A Life in Motion
Southern California is home to scads of successful entrepreneurs who founded businesses aimed at protecting the environment. Greg and Barbara MacGillivray have blended a serious focus on the oceans with documentary film productions that carry a hopeful message about environmental conservation. Their Laguna Beach-based company has taken in one billion dollars at the box office. Two of their films—Dolphins and The Living Sea—have been nominated for Academy Awards, and their best-known IMAX film, To Fly!, was selected for inclusion in the National Film Registry.
Greg MacGillivray, who founded MacGillivray Freeman Films in 1966 with his late partner, Jim Freeman, has made more than 50 films, including 40 IMAX productions. Barbara, a licensed clinical psychologist, directs the company’s research efforts and has worked in all aspects of production and post-production. The family ties run deep: son Shaun, 36, is president while Meghan, 33, serves as production manager and her father’s executive assistant. Four grandchildren complete the close-knit mix, with a fifth soon to make his or her debut.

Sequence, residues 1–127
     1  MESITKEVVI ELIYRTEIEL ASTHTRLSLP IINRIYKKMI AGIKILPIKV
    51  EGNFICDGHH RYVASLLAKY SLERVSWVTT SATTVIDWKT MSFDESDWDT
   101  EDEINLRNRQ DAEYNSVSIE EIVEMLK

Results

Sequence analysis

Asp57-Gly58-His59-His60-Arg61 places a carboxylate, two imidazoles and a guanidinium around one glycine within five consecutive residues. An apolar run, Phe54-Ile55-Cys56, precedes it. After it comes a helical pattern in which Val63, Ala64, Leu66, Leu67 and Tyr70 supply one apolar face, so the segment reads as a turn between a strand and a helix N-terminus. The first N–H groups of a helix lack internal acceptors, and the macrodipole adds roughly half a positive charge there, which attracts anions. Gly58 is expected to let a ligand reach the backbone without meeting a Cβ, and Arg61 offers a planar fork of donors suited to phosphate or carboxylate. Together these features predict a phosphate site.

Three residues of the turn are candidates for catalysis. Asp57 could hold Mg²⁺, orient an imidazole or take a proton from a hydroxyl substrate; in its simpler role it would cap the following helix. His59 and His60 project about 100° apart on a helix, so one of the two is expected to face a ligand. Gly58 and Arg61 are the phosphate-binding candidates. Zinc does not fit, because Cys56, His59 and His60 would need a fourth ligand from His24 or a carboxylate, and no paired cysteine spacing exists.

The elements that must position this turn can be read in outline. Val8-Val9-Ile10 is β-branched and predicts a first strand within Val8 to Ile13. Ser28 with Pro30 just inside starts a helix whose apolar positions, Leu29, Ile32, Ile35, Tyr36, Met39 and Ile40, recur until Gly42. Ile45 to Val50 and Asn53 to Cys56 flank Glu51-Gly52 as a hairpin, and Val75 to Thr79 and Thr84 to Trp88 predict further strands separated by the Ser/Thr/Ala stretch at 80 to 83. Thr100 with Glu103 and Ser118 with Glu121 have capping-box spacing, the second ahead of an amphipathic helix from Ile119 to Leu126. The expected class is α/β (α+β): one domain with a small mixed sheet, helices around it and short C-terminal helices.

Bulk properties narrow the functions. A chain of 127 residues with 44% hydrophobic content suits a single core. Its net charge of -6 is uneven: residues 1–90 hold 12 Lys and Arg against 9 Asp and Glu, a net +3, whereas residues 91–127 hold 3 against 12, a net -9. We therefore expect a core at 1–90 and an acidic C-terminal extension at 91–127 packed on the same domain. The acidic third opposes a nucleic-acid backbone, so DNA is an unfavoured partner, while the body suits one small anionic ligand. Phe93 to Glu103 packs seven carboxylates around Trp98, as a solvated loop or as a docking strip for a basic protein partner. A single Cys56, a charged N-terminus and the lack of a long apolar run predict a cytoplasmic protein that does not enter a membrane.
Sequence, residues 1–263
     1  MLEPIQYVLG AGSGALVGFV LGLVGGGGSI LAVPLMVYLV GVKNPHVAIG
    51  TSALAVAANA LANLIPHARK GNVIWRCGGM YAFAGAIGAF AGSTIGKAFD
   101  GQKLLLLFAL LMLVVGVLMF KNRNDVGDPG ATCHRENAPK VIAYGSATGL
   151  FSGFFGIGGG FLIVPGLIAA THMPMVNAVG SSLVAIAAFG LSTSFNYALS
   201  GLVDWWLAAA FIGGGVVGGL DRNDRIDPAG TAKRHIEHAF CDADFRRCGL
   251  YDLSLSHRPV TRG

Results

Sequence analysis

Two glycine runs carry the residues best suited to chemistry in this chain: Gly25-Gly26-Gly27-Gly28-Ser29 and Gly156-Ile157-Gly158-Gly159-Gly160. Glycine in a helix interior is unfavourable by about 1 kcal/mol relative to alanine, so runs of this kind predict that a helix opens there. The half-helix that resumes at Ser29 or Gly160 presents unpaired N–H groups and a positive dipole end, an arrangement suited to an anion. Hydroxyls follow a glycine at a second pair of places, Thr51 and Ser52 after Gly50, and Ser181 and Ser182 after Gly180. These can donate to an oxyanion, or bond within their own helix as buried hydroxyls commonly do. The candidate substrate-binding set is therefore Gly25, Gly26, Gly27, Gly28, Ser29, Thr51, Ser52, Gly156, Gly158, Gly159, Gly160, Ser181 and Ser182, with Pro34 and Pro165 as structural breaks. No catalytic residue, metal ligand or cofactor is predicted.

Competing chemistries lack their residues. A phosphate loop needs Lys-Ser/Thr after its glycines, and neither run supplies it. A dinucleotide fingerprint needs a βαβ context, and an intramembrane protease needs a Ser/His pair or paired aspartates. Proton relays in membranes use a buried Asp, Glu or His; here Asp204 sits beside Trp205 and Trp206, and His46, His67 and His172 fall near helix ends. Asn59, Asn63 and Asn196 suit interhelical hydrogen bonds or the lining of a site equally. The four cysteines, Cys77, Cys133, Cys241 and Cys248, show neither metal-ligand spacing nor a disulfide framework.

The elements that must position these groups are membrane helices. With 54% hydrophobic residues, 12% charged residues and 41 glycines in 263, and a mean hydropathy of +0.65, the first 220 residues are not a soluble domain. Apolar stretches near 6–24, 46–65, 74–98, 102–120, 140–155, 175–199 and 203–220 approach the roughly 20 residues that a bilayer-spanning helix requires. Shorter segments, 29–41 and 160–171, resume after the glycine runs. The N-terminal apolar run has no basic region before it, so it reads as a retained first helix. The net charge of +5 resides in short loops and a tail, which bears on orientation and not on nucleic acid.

To chat with Greg and Barbara is to cast off pessimism and pretense and tune in to the joy of life.
What first inspired you to start a company aimed at informing the world about oceans and environmental protection?
Greg: I started out doing surfing films. My dad was a Corona del Mar lifeguard. I grew up in the ocean and loved water sports. Then the ocean became polluted; we could see it go downhill starting in 1970. For 44 years, I swam and surfed in exactly the same spot. I used to observe four to six schools of 100 fish in 20 minutes. By 2010, that number had dropped to zero.